CINCINNATI - For the first time, some Cincinnati police officers have an extra set of eyes.
The rollout of body cameras started Wednesday with the first cameras issued to officers in the Central Business District. By the end of the year, 700 will be issued, according to City Manager Harry Black.
The relatively small devices - about the size of a cell phone - come at a time when police shootings are making big news across the country and officers' actions are coming under more scrutiny.
"We're not afraid because we are proud of our officers and we know that they will act professionally," Mayor John Cranley said about the body camera rollout.
Police Chief Eliot Isaac said that in an ideal world they would have been in place before Sunday's fatal shooting on Government Square. But a surveillance camera showed what happened. Two officers in a patrol vehicle stopped to confront a robbery suspect, and the man lunged at one officer with a knife before he even got out of the driver's seat.
"It's Monday morning quarterbacking and it's hindsight, but moving forward we certainly want to be able to capture what we're able to," Isaac said.
It will be up to officers to record incidents. They have procedures on when they're supposed to be recording, including any call they're dispatched on.
At the end of their shift, the video will be downloaded to a server. Video of incidents will be treated like any other video evidence.
The cameras have been shown in some areas to reduce complaints against officers.
"Nobody likes people looking over their shoulder all the time. It's a natural tendency," Cranley said. "Our officers have embraced the basic concept you have a right to know what your government is doing."
Officers undergo training with the cameras, but some say it will take some time getting used to the cameras and hitting record.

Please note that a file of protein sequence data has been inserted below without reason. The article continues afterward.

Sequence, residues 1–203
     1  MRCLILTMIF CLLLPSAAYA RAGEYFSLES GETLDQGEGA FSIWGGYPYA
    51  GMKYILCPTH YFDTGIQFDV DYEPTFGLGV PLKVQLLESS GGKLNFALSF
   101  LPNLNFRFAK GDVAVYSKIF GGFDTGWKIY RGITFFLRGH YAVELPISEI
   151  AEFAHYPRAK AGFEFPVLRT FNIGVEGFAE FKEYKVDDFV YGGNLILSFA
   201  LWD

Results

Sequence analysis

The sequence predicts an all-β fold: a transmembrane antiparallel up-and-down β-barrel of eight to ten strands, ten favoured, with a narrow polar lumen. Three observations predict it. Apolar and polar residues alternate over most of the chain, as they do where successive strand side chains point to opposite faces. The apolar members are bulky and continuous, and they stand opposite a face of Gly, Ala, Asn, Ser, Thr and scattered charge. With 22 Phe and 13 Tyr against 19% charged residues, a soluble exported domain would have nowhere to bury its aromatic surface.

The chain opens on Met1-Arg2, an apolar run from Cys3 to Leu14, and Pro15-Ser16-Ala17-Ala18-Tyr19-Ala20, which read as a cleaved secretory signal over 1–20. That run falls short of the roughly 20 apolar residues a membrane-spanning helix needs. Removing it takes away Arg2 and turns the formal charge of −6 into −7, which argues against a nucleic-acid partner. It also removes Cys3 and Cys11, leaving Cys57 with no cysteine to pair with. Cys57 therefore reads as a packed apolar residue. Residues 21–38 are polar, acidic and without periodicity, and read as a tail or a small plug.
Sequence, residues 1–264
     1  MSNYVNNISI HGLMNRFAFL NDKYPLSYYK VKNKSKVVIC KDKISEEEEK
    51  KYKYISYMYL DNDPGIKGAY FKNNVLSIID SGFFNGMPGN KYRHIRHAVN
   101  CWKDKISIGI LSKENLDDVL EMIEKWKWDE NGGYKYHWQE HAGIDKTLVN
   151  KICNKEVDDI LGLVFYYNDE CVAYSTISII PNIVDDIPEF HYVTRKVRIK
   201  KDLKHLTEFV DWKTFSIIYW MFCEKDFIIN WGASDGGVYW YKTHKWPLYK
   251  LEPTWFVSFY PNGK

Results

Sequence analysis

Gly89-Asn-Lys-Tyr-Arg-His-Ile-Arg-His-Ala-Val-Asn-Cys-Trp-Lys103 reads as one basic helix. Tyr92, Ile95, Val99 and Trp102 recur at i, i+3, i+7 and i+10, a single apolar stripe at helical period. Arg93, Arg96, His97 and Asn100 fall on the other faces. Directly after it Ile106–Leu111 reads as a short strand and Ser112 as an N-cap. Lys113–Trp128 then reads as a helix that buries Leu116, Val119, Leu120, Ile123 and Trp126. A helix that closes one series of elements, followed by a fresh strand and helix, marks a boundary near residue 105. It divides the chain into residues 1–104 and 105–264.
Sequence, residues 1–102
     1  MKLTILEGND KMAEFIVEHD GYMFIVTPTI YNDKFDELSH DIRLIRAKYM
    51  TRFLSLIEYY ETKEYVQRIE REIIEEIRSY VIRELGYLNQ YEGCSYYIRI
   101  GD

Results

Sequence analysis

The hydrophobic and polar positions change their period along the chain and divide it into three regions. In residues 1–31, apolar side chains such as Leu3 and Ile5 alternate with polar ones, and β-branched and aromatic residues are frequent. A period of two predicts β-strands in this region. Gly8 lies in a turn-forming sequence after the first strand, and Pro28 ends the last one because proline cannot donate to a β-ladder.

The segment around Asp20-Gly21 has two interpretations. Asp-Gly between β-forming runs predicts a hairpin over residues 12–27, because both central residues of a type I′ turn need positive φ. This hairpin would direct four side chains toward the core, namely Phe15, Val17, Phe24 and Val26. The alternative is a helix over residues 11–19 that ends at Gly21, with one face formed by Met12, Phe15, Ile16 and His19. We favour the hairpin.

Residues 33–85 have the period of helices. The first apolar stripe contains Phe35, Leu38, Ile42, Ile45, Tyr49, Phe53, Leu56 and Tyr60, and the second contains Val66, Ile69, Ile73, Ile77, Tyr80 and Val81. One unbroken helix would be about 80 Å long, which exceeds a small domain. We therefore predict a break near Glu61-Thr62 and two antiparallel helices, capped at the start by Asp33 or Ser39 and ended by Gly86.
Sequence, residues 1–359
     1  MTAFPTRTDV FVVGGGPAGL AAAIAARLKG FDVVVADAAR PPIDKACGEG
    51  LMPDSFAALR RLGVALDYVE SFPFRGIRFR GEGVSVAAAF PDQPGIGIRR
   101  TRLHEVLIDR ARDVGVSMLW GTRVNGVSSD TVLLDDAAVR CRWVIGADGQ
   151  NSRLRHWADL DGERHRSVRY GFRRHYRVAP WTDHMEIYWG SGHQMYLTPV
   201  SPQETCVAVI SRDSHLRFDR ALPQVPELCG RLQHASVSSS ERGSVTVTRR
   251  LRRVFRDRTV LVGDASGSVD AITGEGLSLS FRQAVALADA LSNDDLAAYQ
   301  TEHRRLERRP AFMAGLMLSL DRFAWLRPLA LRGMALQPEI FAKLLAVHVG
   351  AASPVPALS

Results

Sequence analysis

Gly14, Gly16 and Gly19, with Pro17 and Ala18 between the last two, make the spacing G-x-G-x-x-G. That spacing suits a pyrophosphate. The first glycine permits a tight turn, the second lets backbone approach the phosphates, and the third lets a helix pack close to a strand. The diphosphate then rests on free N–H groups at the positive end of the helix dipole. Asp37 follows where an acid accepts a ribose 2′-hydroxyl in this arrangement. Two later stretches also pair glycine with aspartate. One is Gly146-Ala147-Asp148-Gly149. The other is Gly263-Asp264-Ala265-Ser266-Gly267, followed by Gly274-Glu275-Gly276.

"There's a lot that goes into this," said Isaac. "It's far more than just taking a camera out of a box and sticking it on an officer.
"We're going to have some bumps in the road with any piece of equipment. It's just one tool."
The city received an initial shipment of 44 Axon Body 2 model cameras and operating equipment from TASER International last Friday, Black said.
In addition to the first 700 cameras, the seven-year contract with TASER allows the city to purchase up to 350 additional cameras in 2017, contingent on the availability of funding, Black said.
The cost will not exceed $6 million over seven years, Black said.
Cameras will be deployed in phases across each police district. Delivery of cameras for the final district is expected in December.
The city plans to hire a minority-owned or women-owned business to do community outreach, Black said.
"As a part of the City’s contract with TASER, 13% of the contract fee in year one will be used for an MBE/WBE local professional engagement organization to assist CPD with community outreach and to elicit feedback about the program," Black wrote in a letter to the mayor and city council. "This will further the City’s goal of continuous improvement and focus on community policing."
The Body Worn Camera Program Policy and Procedure is posted on the city’s website. "We are asking interested parties to review the document and provide us with feedback via the electronic survey," Black said.
The rollout was originally scheduled to begin Aug. 1, but it was held up in contract negotiations between the city and TASER.
Check out the interactive timeline below to see how the discussion of police body cameras in Cincinnati has evolved in recent years.